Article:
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|Model||Karat 6.3 Art Deco|
|Focal length (equiv.)||50mm|
Agfa Karat 6.3 Art Deco Miniature Camera & case circa 1937
Presented in full working order and showing some minor signs of wear
Please note that there is no rapid cassette present
Agfa Karat 6.3 Art Deco General Information
This was the first Agfa Karat, a small viewfinder camera with a distinctive, rounded oval body. It was first introduced in 1936. Distinguishing features were the completely black body and the intricate design of the lens base. About 40,000 cameras were produced from 1936 to 1938. It featured a 50mm f/6.3 Agfa Anastigmat Igestar lens and a self-cocking Kodak shutter which was set while pressing the shutter release. Three main variants of the Art Deco model exist. The first had strap lugs integrated in the top housing, which was made of a hard plastic called Trolitan, a variant of bakelite. A second version had strap lugs that were screwed in a black enamalled aluminium top housing. A later third version also had screwed strap lugs and had a higher viewfinder. In addition it missed the little gap in front of the viewfinder of the earlier versions and had a larger back release catch.
Camera House Price: £60.00
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Looking after your camera
Use a Camera Bag
A camera bag does more than just protect the camera against scratches and dust: It keeps it safe from rain because many are waterproof on the outside.
Be Very Careful Around the LCD Screen and Camera Lens
Use only special equipment to clean your camera’s LCD screen and camera lens. Buy a special cleaning kit that includes liquid solutions, microfiber cloths and brushes that have been specially designed to clean your camera lens.
Never Leave Your Batteries in Your Camera for Too Long
Many camera batteries are now alkaline or lithium formats. If you keep your camera with the batteries inside of it in a moist area, then the batteries can get corrosive. So if you’re thinking about just putting your camera on the shelf for several months, do yourself a favor and remove them.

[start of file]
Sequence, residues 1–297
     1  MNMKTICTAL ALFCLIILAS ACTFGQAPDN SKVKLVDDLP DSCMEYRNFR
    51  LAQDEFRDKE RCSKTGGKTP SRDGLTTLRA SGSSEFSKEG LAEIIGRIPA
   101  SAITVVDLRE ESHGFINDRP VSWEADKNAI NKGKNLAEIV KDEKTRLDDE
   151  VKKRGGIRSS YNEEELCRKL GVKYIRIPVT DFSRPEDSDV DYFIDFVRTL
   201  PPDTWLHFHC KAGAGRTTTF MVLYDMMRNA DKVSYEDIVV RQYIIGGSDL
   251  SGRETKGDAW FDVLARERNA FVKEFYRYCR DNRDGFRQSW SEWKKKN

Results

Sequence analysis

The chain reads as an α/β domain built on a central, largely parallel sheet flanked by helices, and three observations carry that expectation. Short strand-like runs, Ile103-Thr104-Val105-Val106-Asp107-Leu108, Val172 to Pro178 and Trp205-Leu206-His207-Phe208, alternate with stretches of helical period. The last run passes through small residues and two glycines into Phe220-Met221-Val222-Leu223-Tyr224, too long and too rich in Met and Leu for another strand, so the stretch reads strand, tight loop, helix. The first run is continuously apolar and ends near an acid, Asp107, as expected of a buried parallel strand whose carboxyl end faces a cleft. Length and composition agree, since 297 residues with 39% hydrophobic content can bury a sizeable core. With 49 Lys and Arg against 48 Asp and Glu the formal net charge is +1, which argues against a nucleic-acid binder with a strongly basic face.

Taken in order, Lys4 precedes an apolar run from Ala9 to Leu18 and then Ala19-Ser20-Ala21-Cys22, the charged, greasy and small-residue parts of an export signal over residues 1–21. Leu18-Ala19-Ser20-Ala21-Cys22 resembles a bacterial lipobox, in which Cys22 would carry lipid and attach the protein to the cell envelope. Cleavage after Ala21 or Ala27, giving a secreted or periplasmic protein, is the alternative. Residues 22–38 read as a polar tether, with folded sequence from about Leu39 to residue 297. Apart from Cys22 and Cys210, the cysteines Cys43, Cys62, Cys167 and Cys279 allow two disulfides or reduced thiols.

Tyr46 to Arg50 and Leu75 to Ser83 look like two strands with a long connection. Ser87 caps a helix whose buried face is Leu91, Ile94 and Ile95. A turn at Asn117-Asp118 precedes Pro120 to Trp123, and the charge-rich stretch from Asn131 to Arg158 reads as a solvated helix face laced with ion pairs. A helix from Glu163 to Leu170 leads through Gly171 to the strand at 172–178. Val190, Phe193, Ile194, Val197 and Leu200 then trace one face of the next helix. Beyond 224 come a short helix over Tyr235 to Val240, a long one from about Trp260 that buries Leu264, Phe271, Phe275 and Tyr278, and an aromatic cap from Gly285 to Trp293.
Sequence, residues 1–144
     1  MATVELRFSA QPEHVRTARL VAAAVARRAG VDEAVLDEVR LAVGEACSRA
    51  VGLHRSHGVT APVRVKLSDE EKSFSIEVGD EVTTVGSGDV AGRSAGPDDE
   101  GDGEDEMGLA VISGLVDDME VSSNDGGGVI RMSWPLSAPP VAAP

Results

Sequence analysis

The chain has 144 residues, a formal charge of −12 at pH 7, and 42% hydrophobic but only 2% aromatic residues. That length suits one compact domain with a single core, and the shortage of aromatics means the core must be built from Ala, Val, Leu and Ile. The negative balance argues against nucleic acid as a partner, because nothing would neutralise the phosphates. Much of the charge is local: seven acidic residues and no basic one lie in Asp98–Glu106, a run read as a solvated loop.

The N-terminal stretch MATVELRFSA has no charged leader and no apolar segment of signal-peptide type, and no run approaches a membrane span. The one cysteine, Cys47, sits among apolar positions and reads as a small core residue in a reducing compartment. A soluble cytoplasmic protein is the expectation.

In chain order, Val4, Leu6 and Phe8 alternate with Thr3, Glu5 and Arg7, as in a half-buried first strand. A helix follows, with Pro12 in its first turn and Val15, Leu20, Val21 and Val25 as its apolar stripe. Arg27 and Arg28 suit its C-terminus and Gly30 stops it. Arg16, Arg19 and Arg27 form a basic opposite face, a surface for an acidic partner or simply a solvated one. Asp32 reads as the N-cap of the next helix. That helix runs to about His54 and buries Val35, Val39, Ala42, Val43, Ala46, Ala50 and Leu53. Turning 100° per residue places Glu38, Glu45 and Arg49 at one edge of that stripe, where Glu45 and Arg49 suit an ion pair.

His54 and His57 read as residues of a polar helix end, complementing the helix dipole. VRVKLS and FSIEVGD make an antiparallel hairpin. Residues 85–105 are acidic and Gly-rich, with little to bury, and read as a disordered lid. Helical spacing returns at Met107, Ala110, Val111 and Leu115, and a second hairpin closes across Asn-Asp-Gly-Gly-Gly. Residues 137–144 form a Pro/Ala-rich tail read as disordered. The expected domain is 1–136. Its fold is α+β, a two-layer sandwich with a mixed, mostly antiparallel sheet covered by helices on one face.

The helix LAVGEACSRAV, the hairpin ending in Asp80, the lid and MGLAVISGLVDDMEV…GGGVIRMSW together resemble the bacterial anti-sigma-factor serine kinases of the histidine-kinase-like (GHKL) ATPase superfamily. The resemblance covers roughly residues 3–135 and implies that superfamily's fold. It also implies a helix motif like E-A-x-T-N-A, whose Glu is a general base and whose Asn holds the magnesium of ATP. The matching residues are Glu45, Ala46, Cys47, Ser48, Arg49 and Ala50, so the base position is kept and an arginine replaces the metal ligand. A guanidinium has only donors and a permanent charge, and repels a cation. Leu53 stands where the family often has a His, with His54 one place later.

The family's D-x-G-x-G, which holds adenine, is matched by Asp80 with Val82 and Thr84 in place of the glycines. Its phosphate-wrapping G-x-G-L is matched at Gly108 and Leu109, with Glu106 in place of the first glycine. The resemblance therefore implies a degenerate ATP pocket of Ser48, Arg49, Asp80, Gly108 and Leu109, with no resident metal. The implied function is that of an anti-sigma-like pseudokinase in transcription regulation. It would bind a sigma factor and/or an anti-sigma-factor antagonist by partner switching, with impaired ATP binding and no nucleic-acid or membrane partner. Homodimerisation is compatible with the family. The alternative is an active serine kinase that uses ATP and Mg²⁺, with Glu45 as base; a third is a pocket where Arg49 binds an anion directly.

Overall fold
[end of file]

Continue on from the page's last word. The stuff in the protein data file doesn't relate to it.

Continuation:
Turn Your Camera Off Prior to Doing Anything
Before you do anything to your camera, always keep in mind that it should be turned off first. No matter what it is—swapping lenses, changing memory cards or disconnecting or attaching cables—your camera should be turned off.
Cold and Wet Weather Can Wreak Havoc on Your Camera Body
Take your camera out only in a waterproof bag. If the weather’s unusually cold, just wrap your camera in a plastic bag that has silica desiccant packets for the reduction of moisture. It’s also a smart idea to have a soft towel with you to wipe off any moisture, just in case it should get on your camera.
Good Memory Card Care Is Good Camera Care
Only transport your memory cards inside of a protective caseMake sure the memory cards stay dust-free at all times. When removing memory cards, make sure you do so indoors or in non-dusty situations.
Make sure that you keep memory cards only in cool places. Never keep them in places where they may heat up, like dashboards or glove compartments.
Never place your memory cards close to magnetic sources. Examples of magnetic sources are things such as audio speakers, TV monitors and actual magnets.
Use a Filter to Protect Your Camera Lens
The lens of your camera is naturally fragile. As such, it’s susceptible to scratches, cracks, dents…you name it. A UV filter will not only will you give your lens a fighting chance, but you’ll also enhance the quality of your pictures.
Condensation Can Be Controlled
Condensation normally happens when you move your camera between different temperatures.
Allow your camera a chance to naturally get used to the hotter environment. Don’t place it inside a closed plastic bag when transporting it between different temperatures! Just let the camera sit in the humid temperature for a while, until condensation disappears.
If this still doesn’t get rid of all of it, you can utilize a soft cloth to wipe away any remaining moisture and marks left behind from the condensation.